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  32. The Feasibility of Basic Socioeconomic Human Rights: A Conceptual Exploration.Pablo Gilabert - 2009 - Philosophical Quarterly 59 (237):659-681.
    To be justifiable, the demands of a conception of human rights and global justice must be such that (a) they focus on the protection of important human interests, and (b) their fulfilment is feasible. I discuss the feasibility condition. I present a general account of the relation between moral desirability, feasibility and obligation within a conception of justice. I analyse feasibility, a complex idea including different types, domains and degrees. It is possible to respond in various ways if the fulfilment (...)
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  33.  88
    Human Dignity and Human Rights.Pablo Gilabert - 2018 - Oxford: Oxford University Press.
    Human dignity: social movements invoke it, several national constitutions enshrine it, and it features prominently in international human rights documents. But what is human dignity, why is it important, and what is its relationship to human rights? -/- This book offers a sophisticated and comprehensive defence of the view that human dignity is the moral heart of human rights. First, it clarifies the network of concepts associated with dignity. Paramount within this network is a core notion of human dignity as (...)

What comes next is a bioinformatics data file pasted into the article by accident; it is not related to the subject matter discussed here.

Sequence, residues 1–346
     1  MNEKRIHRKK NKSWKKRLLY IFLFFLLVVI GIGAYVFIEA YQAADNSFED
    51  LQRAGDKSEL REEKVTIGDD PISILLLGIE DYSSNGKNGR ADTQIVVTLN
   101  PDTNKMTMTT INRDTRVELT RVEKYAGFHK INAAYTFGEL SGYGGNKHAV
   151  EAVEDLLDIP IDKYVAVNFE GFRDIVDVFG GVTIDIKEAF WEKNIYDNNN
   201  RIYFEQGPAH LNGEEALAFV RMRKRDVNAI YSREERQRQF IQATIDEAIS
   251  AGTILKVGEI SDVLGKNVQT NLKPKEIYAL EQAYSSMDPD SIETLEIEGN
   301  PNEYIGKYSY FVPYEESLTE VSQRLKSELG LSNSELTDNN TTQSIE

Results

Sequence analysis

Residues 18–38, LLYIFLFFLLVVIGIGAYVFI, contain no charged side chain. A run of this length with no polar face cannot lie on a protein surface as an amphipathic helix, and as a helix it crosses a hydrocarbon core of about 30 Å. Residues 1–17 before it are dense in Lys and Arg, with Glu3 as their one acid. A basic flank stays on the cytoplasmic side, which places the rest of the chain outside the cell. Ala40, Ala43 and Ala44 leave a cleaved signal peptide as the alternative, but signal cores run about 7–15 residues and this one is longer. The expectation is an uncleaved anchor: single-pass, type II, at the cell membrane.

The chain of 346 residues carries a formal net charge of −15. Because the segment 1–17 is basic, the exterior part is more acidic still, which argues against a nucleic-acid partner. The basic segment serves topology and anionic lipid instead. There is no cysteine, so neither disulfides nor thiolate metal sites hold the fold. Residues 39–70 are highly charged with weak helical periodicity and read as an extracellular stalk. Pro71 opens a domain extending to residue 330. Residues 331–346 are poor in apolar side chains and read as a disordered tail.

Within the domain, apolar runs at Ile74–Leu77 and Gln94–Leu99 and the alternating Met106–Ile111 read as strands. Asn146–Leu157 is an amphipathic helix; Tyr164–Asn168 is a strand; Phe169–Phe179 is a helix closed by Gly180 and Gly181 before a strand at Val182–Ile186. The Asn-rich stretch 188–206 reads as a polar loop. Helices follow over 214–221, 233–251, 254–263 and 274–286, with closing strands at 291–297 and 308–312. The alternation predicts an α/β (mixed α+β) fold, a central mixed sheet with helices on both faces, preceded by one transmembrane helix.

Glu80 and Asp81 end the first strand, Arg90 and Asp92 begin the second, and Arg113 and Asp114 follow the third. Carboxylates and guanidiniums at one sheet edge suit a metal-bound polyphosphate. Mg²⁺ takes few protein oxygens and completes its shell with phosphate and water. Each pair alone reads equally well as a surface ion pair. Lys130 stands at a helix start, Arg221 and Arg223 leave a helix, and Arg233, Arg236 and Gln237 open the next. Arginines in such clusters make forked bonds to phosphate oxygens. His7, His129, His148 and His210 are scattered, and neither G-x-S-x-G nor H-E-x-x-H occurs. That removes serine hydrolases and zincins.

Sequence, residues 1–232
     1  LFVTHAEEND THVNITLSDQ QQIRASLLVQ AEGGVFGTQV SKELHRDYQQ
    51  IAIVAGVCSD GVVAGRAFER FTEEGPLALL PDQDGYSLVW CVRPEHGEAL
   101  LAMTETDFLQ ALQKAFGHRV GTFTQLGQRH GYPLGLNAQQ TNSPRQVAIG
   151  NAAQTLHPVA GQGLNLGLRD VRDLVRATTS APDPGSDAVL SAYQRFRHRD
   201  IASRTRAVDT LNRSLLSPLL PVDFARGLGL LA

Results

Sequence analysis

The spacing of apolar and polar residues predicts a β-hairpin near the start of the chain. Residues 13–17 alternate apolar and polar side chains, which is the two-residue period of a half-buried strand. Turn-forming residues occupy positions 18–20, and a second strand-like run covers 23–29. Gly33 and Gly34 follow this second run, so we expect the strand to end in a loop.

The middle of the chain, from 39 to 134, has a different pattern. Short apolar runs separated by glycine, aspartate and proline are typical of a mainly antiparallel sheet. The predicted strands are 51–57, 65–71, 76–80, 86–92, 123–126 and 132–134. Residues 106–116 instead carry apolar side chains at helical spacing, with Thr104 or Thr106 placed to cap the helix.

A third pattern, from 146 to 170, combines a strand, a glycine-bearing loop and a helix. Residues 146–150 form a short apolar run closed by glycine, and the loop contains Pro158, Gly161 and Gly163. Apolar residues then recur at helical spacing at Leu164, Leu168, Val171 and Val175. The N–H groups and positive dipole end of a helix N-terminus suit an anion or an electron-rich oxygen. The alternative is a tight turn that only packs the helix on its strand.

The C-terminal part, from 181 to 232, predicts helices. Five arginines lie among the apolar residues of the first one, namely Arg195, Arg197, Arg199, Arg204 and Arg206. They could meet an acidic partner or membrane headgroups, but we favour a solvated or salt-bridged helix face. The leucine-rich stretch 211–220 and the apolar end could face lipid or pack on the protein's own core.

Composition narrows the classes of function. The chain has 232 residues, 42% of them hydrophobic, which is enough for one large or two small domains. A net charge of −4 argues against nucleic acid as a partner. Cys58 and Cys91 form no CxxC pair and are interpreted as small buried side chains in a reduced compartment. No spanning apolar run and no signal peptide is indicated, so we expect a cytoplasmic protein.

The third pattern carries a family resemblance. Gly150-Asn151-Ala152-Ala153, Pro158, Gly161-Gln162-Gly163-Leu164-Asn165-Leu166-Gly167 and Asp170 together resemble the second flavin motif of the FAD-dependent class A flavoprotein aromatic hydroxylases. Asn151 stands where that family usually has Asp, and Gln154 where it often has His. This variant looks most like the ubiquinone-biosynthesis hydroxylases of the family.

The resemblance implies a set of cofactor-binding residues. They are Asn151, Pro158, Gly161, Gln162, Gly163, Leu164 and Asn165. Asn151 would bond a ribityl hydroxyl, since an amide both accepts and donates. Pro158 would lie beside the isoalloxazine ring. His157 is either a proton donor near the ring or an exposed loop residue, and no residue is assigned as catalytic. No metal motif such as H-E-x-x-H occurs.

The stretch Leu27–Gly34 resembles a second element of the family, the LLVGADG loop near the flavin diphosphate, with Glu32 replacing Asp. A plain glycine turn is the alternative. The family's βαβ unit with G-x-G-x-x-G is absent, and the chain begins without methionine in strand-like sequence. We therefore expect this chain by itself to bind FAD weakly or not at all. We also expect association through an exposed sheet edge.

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  34.  47
    Pragmatic Interpretations of Vague Expressions: Strongest Meaning and Nonmonotonic Consequence.Pablo Cobreros, Paul Egré, Dave Ripley & Robert van Rooij - 2015 - Journal of Philosophical Logic 44 (4):375-393.
    Recent experiments have shown that naive speakers find borderline contradictions involving vague predicates acceptable. In Cobreros et al. we proposed a pragmatic explanation of the acceptability of borderline contradictions, building on a three-valued semantics. In a reply, Alxatib et al. show, however, that the pragmatic account predicts the wrong interpretations for some examples involving disjunction, and propose as a remedy a semantic analysis instead, based on fuzzy logic. In this paper we provide an explicit global pragmatic interpretation rule, based on (...)